Senate Finance Committee Chairman Max Baucus, D-Mont., urged the Senate on Wednesday to pass legislation to eliminate the expanded 1099 reporting requirements for businesses in the health care reform bill. 

Eliminating the bookkeeping and filing requirements would free up resources for small businesses to grow and create jobs, he argued.  Baucus asked for unanimous consent in the Senate to eliminate the additional reporting requirements for small businesses during the debate over extending the Bush-era tax cut rates and unemployment benefits, but members objected to passing the measures in the midst of that process.  

“Small-business owners want us to repeal Form 1099 reporting requirements so they have additional resources to grow their businesses and hire new workers,” said Baucus. “Today we should have – and could have – delivered the paperwork relief small businesses need.  Eliminating these paperwork requirements is a simple, common-sense idea that senators on both sides of the aisle support and it is deeply disappointing to see partisanship stand in the way of progress for small-business owners.”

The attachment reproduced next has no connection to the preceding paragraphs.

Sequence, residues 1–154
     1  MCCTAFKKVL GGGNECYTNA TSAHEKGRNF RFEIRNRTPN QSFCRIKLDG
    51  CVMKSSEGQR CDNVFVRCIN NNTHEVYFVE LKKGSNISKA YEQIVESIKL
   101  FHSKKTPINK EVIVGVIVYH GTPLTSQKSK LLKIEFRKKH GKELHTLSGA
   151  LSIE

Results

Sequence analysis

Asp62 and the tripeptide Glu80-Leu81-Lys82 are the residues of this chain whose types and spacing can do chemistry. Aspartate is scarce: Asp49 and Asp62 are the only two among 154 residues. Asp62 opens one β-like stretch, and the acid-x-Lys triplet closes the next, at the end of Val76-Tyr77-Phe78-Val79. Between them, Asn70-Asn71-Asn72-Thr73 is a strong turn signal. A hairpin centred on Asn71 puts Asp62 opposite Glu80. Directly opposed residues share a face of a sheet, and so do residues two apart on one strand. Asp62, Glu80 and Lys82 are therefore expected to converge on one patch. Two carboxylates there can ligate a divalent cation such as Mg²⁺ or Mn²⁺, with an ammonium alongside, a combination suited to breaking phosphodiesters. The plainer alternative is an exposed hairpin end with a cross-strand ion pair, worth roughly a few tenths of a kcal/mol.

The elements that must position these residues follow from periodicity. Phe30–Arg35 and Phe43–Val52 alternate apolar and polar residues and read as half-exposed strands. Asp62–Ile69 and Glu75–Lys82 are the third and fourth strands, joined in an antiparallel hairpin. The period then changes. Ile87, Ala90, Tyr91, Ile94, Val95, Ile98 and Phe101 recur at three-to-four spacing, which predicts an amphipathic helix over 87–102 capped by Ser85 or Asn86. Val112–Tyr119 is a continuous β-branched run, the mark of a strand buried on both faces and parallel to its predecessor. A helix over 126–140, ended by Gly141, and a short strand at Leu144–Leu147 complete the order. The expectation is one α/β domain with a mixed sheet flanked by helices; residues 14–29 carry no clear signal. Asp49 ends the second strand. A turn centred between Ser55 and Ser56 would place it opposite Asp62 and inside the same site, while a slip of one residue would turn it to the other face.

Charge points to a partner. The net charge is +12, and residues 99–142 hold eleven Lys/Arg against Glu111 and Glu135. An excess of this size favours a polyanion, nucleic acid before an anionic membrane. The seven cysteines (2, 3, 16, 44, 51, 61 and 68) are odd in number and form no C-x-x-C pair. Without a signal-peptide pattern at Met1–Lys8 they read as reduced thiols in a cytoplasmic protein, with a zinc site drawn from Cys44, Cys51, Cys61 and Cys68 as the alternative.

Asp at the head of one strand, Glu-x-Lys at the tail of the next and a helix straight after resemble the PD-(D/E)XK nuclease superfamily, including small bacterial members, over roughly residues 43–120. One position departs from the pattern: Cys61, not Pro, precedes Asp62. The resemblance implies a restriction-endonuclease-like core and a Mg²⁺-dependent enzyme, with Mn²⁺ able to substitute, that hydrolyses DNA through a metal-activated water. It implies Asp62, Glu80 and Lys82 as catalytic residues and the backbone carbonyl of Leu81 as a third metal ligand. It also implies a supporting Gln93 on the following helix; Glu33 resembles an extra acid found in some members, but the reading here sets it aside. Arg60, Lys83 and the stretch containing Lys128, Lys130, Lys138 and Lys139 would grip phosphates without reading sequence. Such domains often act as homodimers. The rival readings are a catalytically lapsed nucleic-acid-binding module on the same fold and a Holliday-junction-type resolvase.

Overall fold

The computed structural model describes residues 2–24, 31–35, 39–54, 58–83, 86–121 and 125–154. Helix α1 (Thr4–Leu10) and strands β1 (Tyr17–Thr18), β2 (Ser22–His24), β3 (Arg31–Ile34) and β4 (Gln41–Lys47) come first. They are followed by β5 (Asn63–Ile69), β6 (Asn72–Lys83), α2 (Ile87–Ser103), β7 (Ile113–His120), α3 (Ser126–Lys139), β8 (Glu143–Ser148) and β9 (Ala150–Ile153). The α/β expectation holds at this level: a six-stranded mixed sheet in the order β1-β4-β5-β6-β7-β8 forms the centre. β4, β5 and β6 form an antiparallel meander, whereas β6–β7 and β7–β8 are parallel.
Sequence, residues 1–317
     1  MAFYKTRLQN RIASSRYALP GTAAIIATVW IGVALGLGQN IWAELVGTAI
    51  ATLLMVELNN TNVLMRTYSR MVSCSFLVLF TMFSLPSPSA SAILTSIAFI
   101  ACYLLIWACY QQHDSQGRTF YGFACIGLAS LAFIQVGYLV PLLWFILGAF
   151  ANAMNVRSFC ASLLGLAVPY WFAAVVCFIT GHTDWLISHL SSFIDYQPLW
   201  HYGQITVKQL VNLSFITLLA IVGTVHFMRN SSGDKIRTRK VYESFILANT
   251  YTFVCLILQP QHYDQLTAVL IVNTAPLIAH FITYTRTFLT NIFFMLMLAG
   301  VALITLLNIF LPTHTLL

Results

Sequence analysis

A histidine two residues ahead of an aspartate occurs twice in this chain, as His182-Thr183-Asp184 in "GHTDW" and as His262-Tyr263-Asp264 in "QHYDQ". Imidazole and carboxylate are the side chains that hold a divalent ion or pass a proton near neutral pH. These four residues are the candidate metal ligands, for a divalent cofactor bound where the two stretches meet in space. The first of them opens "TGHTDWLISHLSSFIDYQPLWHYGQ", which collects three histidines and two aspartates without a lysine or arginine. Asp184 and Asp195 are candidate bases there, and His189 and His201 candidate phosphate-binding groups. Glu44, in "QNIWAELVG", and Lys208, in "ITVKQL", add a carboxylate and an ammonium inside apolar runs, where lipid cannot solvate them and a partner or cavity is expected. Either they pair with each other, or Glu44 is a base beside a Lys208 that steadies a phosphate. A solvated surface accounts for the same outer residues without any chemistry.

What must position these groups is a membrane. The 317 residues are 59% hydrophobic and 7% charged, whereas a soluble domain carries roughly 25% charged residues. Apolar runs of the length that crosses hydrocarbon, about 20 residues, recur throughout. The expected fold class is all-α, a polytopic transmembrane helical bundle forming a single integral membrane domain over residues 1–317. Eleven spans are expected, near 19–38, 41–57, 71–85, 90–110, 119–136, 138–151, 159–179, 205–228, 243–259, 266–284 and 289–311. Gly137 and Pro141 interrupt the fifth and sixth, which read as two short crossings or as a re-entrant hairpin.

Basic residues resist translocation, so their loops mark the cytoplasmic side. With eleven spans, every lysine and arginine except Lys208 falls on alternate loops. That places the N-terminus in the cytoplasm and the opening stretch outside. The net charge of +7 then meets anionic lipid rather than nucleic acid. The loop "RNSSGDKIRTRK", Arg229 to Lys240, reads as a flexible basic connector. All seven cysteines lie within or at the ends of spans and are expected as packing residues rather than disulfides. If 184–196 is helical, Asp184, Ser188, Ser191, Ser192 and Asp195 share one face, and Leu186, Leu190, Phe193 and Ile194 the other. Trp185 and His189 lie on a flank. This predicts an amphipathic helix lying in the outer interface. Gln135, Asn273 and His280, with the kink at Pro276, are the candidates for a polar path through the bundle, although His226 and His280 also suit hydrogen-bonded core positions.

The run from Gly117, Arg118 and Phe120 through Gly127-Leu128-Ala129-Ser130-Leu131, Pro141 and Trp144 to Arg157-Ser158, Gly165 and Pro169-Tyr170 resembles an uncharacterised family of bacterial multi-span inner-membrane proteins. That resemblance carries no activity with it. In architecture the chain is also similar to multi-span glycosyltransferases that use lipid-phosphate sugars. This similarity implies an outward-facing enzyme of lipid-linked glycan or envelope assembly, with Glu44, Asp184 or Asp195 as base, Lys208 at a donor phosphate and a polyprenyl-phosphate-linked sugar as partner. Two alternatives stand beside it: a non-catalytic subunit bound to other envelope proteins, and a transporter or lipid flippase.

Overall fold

Baucus has been pushing to repeal the new requirements for small businesses to report payments made for goods and services using 1099-MISC forms. A total of 95 senators have supported repealing the 1099 reporting requirements in the past.  Small-business owners have expressed concern that the resources required in January 2012 to complete the forms may be more than they can accommodate. 

In November, Baucus introduced legislation to repeal the requirements, but the bill failed to pass (see Senate Again Fails to Repeal 1099 Requirements).

Repealing the requirements this year would give small-business owners the certainty of knowing they do not have to prepare to implement these new recordkeeping and recording provisions in 2012, Baucus noted.

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